Mrs. Lovett in Sweeney Todd. She is cheerful and kindly, but has no problems whatsoever chopping up human bodies nor really with Sweeney's killing, and she is really only interested in improving her social standing. While not necessarily hollow, she certainly doesn't give a lot of moral considerations to her actions.
All four main characters in the Sondheim musical Follies are Stepford Smilers of one sort or another. Their masks do fall eventually, and the comparison to their younger counterparts in Flashbacks becomes painful: back then, they had a reason to smile — at least, they thought they did. (It says something that Desperate Housewives gets many of its episode titles from musical numbers in Follies.)
In Mary, Mary, Mary accuses her ex-husband Bob of having forced her into this type when they were married:
"I felt like I was on some damn panel show, twenty-four hours a day. Smiling, affable, humming little snatches of song. Laughing when I didn't know the answers. But affable, affable, affable! You don't know how I longed to get up some morning and feel free for once to be depressed, to be constipated, to be boring."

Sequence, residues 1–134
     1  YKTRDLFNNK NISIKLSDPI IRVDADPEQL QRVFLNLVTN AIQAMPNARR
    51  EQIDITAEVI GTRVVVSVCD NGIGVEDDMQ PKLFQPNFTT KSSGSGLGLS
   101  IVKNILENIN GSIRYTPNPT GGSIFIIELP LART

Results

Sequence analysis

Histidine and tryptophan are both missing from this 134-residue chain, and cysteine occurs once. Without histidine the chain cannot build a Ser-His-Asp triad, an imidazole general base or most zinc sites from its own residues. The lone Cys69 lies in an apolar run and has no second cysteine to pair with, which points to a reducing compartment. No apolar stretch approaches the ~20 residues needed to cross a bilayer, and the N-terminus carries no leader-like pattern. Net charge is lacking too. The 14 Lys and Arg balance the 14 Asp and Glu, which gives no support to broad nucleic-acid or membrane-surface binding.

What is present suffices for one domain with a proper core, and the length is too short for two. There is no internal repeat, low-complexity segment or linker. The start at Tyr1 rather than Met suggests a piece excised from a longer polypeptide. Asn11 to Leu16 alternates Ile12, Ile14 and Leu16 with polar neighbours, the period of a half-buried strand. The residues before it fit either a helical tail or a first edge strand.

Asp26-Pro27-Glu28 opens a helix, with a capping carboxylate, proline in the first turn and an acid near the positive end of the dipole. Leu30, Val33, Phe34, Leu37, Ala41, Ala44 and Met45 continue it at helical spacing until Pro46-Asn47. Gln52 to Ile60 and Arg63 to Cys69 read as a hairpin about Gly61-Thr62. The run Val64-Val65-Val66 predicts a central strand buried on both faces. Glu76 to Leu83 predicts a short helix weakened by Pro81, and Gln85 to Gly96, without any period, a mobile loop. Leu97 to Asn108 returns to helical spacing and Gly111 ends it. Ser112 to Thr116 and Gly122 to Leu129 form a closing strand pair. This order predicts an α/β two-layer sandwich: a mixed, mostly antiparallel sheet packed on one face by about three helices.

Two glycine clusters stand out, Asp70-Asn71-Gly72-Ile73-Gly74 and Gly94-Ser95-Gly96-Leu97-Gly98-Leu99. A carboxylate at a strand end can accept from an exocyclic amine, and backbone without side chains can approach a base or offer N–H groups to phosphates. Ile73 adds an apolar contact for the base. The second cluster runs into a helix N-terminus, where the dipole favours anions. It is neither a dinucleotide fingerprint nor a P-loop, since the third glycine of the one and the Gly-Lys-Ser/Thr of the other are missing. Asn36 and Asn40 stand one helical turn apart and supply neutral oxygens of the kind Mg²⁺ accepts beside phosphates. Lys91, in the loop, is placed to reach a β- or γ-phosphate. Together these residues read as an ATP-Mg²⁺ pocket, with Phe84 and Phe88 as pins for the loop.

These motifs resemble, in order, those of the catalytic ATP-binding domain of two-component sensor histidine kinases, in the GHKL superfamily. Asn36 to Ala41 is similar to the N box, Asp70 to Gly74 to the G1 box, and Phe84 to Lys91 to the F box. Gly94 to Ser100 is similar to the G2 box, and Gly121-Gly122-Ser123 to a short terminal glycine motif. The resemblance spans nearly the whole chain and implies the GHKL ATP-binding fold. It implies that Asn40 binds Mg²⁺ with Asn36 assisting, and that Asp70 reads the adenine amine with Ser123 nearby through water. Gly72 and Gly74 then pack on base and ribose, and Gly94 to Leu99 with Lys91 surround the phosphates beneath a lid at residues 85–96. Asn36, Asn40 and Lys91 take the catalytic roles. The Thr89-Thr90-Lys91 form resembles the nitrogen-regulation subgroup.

Jennifer in When Midnight Strikes is a Type A example, the perfect hostess who is smiling and keeping the party going even though she's falling apart inside. Her song 'Little Miss Perfect' makes this very clear.
Edith in The Women has one pregnancy after another, even though she hates babies and doesn't like being pregnant. She seems to do a lot more complaining than smiling, but nevertheless insists that "I'm the only happy woman you know." Perhaps she does more smiling in mixed company.
Although he tries to seem like the stable emotional pillar of the group, the songs "Halloween" and "Goodbye Love" from Rent reveal that Mark is really one of these.
"What You Own," too.
C.B. the Red Caboose in Starlight Express: "Under the smiles and under the fun, I'm Public Enemy Number One!"
Most if not all of the missionaries in The Book of Mormon, particularly Elder McKinley. They even have an elaborate tap number, "Turn It Off", about repressing emotions they consider negative, such as memories of an abusive father, sadness over not being there for a sister dying of cancer and consequent fear of developing cancer himself, and gay feelings.